Smokers’ DNA Helps Study Cancer Risk

From Smokers are leaving a history of addiction in their DNA that may help to measure their risk of cancer, according to research presented at the NCRI Cancer Conference.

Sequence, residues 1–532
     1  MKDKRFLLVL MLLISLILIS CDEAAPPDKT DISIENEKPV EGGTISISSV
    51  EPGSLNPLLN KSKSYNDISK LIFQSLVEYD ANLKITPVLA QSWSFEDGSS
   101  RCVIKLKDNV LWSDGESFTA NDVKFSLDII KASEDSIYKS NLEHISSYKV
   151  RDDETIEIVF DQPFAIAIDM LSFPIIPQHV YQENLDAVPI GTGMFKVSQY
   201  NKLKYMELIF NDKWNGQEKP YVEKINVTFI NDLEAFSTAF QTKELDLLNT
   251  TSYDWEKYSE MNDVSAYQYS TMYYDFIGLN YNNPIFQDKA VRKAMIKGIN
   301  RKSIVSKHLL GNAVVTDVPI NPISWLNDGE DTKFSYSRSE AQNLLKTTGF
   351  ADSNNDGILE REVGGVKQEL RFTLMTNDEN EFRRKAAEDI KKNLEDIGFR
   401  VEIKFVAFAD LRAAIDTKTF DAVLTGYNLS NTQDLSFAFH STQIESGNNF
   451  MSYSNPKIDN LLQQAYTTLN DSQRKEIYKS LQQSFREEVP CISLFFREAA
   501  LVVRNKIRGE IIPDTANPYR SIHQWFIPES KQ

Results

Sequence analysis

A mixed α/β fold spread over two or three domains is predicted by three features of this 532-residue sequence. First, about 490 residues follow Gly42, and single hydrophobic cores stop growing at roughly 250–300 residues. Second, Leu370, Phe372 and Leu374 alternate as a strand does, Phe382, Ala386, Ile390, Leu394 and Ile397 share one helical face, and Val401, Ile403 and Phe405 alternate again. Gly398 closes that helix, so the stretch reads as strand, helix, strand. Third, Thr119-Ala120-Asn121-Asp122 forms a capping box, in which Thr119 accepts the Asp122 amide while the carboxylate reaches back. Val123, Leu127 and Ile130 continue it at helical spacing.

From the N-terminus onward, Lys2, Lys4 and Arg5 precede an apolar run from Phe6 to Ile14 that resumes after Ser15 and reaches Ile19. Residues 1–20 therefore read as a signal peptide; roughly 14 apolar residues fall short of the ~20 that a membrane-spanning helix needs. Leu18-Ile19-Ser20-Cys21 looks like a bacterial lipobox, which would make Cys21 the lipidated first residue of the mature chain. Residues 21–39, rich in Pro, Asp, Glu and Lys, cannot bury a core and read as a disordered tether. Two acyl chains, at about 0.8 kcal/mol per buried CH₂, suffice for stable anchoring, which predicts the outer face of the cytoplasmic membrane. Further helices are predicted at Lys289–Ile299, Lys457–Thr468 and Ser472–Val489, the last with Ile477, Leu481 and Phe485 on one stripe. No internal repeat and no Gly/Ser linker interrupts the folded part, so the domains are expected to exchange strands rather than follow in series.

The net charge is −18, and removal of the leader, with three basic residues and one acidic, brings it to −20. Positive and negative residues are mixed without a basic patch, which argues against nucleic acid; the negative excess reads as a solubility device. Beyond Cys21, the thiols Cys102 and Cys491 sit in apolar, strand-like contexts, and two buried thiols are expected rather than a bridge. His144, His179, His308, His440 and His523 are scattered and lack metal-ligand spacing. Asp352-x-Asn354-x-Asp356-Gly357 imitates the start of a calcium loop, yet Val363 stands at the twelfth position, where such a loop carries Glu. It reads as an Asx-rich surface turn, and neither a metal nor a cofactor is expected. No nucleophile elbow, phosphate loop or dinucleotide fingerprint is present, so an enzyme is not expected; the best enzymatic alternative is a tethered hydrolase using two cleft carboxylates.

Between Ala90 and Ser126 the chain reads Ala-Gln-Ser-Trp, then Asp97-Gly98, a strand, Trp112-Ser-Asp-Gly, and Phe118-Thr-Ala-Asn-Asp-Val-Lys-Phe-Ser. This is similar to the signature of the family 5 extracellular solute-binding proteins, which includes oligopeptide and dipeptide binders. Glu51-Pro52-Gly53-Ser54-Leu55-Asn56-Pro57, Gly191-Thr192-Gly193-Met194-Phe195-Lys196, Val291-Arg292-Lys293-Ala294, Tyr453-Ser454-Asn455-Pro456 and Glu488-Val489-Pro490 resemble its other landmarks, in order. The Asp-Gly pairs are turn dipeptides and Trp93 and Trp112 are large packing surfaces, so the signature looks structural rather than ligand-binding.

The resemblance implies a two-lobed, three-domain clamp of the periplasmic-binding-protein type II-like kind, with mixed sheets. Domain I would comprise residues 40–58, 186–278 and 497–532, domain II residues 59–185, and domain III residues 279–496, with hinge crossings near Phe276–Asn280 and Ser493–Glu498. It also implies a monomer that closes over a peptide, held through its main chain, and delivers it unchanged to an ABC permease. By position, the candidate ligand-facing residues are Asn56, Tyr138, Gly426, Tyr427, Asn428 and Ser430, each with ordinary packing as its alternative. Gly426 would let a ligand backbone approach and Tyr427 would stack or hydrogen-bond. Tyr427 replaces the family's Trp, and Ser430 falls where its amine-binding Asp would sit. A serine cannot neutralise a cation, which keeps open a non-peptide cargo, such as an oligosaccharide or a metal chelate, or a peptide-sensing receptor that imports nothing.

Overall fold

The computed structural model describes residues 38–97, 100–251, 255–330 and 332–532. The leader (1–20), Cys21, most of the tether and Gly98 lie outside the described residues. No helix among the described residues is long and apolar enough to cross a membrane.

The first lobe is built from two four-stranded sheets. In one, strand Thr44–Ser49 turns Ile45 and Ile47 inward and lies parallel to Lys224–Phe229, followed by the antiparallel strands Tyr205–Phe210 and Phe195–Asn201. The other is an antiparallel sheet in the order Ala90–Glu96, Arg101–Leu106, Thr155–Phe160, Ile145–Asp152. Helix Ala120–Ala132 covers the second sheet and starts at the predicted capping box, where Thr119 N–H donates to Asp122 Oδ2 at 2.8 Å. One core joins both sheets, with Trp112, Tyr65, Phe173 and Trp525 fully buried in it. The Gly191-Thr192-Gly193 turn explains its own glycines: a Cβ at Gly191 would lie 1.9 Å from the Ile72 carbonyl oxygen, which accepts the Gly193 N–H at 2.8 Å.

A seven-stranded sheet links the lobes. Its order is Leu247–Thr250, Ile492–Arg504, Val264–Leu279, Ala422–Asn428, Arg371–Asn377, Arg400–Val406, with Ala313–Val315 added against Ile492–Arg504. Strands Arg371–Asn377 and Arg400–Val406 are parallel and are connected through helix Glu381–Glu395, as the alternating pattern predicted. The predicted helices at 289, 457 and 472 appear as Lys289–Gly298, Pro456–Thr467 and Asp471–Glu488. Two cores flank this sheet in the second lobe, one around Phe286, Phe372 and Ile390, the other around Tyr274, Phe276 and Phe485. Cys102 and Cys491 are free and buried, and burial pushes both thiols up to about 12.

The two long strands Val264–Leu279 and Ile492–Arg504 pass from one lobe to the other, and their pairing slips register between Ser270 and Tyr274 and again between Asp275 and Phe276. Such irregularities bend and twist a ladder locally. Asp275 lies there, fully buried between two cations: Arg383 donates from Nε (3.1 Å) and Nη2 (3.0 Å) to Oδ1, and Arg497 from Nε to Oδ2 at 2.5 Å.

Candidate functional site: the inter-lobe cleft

Researchers at Imperial College London and the Human Genetics Foundation (HuGeF) in Italy have identified a number of sites in the DNA of blood that have been chemically tagged as a result of smoking. These tags are also detectable in lung tissue and could be used to measure the increased risk of certain cancers such as breast and bowel, as well as lung.
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